In ancient Rome, a vacationing physician turns reluctant sleuth to save his family.
After a long journey, esteemed Londinium doctor Arcturus and his wife Gwyna arrive at their vacation destination of Bath to the unseemly sight of a corpse floating in the town reservoir. Amid the crowd's cries of pollution, Drusius, a burly stonecutter, hoists the body out and Arcturus examines it. The victim is Rufus Bibax, an infamous scribe known locally as "the curse-maker" for his public rants. Townspeople wish to blame the killing on the magic of the reservoir, but the practical Arcturus tries to throw cold water on this superstition with a finding of strangulation, and a note he's found on the body signed by "The Avenger." Hoping to salvage his getaway at the governor's estate, Arcturus leaves the body in the care of the governor's medicus, Lucius Velrius Philo. It's a decision he comes to regret when, after he returns home, strange events continue in Bath and within the Arcturus household. The Avenger claims more victims, and Gwyna suffers an inexplicable illness that makes her physically frail and emotionally erratic, convincing her that the curse-maker Bibax is the root of her malady. Mostly for this latter reason, Arcturus undertakes the complex investigation of the murders, a highly informative path for himself and the reader.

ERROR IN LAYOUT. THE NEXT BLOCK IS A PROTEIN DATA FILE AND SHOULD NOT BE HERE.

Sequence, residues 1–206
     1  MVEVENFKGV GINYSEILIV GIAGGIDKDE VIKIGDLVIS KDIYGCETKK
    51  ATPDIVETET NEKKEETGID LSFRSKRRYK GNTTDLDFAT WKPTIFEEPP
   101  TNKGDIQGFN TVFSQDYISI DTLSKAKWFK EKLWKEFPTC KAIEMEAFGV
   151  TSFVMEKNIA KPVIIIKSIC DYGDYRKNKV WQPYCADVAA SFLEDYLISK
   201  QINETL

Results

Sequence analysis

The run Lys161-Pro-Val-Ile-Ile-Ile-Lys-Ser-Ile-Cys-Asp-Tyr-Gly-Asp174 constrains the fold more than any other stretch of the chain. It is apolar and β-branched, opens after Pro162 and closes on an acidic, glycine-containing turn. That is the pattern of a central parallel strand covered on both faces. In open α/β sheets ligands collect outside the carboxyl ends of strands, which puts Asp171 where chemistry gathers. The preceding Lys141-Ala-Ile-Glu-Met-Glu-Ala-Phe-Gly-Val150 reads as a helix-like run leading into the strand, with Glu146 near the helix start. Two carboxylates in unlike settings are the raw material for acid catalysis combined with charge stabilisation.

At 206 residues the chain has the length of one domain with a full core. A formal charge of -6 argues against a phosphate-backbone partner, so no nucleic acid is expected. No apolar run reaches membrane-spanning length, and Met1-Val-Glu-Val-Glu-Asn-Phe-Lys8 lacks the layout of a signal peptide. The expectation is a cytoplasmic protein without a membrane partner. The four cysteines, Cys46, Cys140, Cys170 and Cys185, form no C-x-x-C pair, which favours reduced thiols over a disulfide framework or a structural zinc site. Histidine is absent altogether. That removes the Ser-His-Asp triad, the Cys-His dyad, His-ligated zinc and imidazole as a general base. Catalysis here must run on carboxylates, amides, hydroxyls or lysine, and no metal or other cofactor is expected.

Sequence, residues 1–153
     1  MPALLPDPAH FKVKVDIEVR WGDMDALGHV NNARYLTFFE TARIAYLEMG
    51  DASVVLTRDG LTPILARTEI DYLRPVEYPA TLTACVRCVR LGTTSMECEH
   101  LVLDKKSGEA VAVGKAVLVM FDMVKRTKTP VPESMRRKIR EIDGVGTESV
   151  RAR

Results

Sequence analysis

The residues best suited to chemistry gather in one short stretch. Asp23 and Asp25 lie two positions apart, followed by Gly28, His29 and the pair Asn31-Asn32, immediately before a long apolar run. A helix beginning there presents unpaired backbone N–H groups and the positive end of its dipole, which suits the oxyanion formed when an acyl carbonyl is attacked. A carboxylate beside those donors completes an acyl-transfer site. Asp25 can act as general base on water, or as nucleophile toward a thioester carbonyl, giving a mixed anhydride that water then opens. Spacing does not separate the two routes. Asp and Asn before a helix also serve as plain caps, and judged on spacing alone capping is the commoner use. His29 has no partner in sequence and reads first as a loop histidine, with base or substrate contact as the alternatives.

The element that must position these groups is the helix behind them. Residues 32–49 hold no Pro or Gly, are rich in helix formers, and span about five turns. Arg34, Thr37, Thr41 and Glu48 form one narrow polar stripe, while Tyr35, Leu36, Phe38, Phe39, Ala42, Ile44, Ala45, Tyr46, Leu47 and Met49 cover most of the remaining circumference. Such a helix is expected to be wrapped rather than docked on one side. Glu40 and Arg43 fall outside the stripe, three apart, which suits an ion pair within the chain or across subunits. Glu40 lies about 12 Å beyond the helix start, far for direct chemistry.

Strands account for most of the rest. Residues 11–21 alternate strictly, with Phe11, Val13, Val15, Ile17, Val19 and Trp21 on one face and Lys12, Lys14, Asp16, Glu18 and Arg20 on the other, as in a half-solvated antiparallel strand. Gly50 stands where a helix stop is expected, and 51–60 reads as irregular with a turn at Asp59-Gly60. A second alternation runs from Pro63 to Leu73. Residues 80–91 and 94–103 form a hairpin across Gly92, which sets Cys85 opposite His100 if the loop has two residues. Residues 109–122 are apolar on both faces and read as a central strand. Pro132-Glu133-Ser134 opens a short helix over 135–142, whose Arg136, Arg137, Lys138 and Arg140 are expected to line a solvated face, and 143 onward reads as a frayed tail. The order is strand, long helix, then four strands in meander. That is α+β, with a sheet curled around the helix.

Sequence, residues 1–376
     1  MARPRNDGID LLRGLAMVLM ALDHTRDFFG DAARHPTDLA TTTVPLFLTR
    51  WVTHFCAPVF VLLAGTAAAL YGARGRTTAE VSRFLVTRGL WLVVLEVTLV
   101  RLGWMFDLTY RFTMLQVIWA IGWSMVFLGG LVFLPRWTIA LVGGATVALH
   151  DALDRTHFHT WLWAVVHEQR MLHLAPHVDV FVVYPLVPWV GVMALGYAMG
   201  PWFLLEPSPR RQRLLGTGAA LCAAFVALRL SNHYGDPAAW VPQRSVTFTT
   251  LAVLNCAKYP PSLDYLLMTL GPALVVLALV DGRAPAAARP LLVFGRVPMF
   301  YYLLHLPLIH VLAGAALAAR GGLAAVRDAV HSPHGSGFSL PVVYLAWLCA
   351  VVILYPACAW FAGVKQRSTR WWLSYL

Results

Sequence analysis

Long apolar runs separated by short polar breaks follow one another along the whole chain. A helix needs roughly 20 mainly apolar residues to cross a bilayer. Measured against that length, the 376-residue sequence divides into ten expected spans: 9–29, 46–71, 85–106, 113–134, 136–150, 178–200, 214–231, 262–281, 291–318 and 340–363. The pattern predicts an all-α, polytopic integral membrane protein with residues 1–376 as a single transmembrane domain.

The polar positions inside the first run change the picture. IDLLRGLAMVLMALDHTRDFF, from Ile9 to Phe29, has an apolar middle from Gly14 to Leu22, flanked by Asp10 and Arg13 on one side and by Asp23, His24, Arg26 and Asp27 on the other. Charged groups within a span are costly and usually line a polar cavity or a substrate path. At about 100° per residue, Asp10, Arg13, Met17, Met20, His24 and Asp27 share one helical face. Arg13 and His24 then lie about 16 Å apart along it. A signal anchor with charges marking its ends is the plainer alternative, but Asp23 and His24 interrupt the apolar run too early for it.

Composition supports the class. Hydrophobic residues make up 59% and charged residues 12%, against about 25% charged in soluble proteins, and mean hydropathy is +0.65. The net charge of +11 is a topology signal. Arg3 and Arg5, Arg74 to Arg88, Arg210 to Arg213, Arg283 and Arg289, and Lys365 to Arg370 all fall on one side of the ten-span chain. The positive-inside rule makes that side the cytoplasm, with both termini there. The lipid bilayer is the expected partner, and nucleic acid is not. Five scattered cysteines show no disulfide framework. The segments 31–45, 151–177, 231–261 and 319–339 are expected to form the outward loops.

Stanley's debut novel, supplemented by a glossary and a lengthy explanation of curse-making, captures the details and rhythms of daily life in the ancient empire. The whodunit often takes a backseat to the subtle and interesting interactions of his characters.